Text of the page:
Digital technologies like artificial intelligence (AI) for parsing resumes help staffing firms optimize efficiency and streamlining their recruiting process. But these technologies can also unintentionally introduce the potential for bias and discrimination.
Staffing firms that qualify as employers must comply with Equal Employment Opportunity (EEO) laws, which include the Americans with Disabilities Act (ADA). In some cases, even staffing firms that don’t qualify as employers can still be held liable for discrimination.
Last month, the Equal Employment Opportunity Commission (EEOC) released new guidance on the ADA and the use of software, algorithms, and AI to assess job applicants and employees. This Q&A provides a brief overview of the guidance.
Note: This article is intended for informational purposes only. It does not constitute legal advice.
What types of software are covered in the guidance?
Any type of software that uses algorithmic decision-making may violate the ADA. The guidance gives these examples:
- Resume scanners that prioritize applications using certain keywords
- Chatbots that ask job candidates about their qualifications and reject those who don’t meet predefined requirements
- Video interviewing software that evaluates candidates based on their facial expressions and speech patterns
- Testing software that provides “job fit” scores or perceived “cultural fit”
How can using automated recruiting software violate the ADA?
There are three main ways employers using these tools can violate the ADA:
- By not providing a reasonable accommodation for a job applicant to be rated fairly and accurately by the algorithm
- By intentionally or unintentionally screening out an individual with a disability, even though the individual is able to do the job with a reasonable accommodation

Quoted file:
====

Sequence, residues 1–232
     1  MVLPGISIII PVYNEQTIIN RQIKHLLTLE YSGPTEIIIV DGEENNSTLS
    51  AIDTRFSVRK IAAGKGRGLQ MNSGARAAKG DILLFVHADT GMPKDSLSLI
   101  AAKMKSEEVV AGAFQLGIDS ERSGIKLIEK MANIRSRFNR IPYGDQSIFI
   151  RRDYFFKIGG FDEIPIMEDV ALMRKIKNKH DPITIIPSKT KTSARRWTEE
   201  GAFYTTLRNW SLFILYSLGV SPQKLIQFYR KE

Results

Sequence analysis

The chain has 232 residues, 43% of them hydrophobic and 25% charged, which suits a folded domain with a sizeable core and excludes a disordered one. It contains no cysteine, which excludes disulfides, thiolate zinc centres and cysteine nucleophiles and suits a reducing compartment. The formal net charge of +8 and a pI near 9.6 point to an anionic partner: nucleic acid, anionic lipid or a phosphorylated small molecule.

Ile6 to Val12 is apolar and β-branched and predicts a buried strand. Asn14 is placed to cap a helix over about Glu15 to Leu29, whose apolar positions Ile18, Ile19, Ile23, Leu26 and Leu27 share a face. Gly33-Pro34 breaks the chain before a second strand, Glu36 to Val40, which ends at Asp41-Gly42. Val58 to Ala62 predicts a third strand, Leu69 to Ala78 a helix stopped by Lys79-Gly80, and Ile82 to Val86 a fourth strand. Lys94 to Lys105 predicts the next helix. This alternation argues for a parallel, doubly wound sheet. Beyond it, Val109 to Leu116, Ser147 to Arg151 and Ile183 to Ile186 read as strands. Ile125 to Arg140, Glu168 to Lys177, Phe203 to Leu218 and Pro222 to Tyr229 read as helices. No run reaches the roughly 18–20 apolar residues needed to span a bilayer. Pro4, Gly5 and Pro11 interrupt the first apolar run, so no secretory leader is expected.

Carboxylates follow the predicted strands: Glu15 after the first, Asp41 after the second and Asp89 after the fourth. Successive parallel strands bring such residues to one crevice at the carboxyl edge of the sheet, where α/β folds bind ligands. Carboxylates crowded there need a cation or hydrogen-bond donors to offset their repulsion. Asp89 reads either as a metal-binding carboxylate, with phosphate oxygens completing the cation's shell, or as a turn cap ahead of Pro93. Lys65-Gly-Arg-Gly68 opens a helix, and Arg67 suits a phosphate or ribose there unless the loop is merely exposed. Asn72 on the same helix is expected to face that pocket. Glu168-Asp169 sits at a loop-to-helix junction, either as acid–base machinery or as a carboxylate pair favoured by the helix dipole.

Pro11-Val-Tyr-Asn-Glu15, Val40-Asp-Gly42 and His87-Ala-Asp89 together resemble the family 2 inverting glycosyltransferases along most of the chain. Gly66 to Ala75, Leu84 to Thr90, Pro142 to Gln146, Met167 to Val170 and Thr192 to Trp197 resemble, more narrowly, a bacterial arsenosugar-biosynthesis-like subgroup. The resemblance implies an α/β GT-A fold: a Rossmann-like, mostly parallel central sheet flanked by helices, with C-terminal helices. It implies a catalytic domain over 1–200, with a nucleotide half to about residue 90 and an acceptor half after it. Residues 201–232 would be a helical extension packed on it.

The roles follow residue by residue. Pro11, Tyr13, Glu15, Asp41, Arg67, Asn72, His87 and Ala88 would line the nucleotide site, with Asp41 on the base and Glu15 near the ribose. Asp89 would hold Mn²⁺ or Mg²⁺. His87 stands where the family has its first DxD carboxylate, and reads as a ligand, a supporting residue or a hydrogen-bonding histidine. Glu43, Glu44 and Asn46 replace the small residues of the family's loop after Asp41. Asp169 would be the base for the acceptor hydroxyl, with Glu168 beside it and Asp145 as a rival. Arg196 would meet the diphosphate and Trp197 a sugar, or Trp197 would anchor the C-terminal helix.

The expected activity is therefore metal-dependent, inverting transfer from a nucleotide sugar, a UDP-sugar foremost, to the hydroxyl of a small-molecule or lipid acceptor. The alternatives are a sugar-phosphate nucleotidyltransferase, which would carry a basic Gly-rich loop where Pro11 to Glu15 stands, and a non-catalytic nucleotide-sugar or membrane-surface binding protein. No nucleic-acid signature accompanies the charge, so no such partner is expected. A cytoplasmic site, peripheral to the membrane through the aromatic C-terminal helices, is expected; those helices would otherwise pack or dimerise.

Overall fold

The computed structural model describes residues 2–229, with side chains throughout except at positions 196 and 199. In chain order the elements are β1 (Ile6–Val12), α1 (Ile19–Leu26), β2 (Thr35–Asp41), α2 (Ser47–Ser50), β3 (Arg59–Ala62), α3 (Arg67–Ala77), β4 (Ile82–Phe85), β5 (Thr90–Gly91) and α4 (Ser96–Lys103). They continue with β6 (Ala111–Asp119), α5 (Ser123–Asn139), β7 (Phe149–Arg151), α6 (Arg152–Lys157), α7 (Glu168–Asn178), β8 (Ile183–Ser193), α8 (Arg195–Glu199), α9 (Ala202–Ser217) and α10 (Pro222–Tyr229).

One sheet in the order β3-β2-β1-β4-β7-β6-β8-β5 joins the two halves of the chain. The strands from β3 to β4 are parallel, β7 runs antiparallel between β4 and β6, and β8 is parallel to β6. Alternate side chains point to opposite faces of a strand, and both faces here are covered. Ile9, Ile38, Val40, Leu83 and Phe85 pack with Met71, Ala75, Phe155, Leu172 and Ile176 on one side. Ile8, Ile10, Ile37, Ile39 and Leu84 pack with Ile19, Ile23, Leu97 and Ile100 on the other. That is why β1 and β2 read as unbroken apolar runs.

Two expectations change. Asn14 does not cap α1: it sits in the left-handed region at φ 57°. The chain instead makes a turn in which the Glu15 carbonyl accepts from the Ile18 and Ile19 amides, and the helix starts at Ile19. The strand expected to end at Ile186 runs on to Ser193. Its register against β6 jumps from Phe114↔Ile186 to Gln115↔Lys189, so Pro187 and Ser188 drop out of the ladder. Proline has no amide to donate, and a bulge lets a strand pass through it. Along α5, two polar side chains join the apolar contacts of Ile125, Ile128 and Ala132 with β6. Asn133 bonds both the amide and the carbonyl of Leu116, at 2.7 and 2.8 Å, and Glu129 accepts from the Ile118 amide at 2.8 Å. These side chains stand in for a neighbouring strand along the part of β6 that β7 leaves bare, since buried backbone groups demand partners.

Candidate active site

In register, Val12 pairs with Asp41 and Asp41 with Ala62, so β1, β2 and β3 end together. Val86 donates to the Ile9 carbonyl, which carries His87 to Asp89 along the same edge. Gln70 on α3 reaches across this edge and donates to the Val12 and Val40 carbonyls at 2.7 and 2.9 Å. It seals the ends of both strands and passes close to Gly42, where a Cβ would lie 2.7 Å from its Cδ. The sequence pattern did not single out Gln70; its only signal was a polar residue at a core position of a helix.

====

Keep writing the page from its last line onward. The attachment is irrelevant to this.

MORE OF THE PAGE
- By using a tool that violates restrictions on disability-related inquiries and medical exemptions
Note that the employer can be held responsible for ADA discrimination even if the tools are provided by third-party vendors.
How can staffing firms and their clients avoid violating the ADA when using automated recruiting software?
Providing reasonable accommodations
Employers can help ensure ADA compliance by explaining to job applicants what the hiring process looks like and making reasonable accommodations available.
Here are a couple of examples from the guidance:
- If a hiring process includes a video interview, the employer or software vendor may tell applicants that the job application process will involve a video and provide a way to request a reasonable accommodation.
- A job applicant who has limited manual dexterity because of a disability may report that they would have difficulty taking a knowledge test that requires the use of a keyboard, trackpad, or other manual input device. Especially if the responses are timed, this kind of test will not accurately measure this particular applicant’s knowledge. In this situation, the employer would need to provide an accessible version of the test…as a reasonable accommodation, unless doing so would cause undue hardship.
Ensuring tools don’t screen out individuals with disabilities
Individuals with disabilities may be screened out by software tools in a way that’s discriminatory. For example, a video interviewing software that analyzes speech patterns may reject applicants with a speech impediment.
The guidance recommends employers verify whether the tools they use were developed with individuals with disabilities in mind. This includes making the user interface accessible, making materials available in different formats, and ensuring that the traits or characteristics measured by the tools don’t correlate with specific disabilities.
In addition, when implementing a new tool, employers can take steps to reduce the likelihood that individuals with disabilities will be screened out. These include providing job applicants information about the tool, clearly indicating that reasonable accommodations are available, and providing clear instructions for how to request them.
Finally, one of the best ways to ensure software doesn’t screen out individuals with disabilities is to make sure that the tools only measure abilities and qualifications that are actually necessary to do the job.
Eliminating disability-related inquiries and medical examinations
Employers are not allowed to ask job applicants questions that would elicit information about a disability or that would qualify as a medical examination before making a conditional offer of employment. This restriction also applies to algorithmic decision-making tools.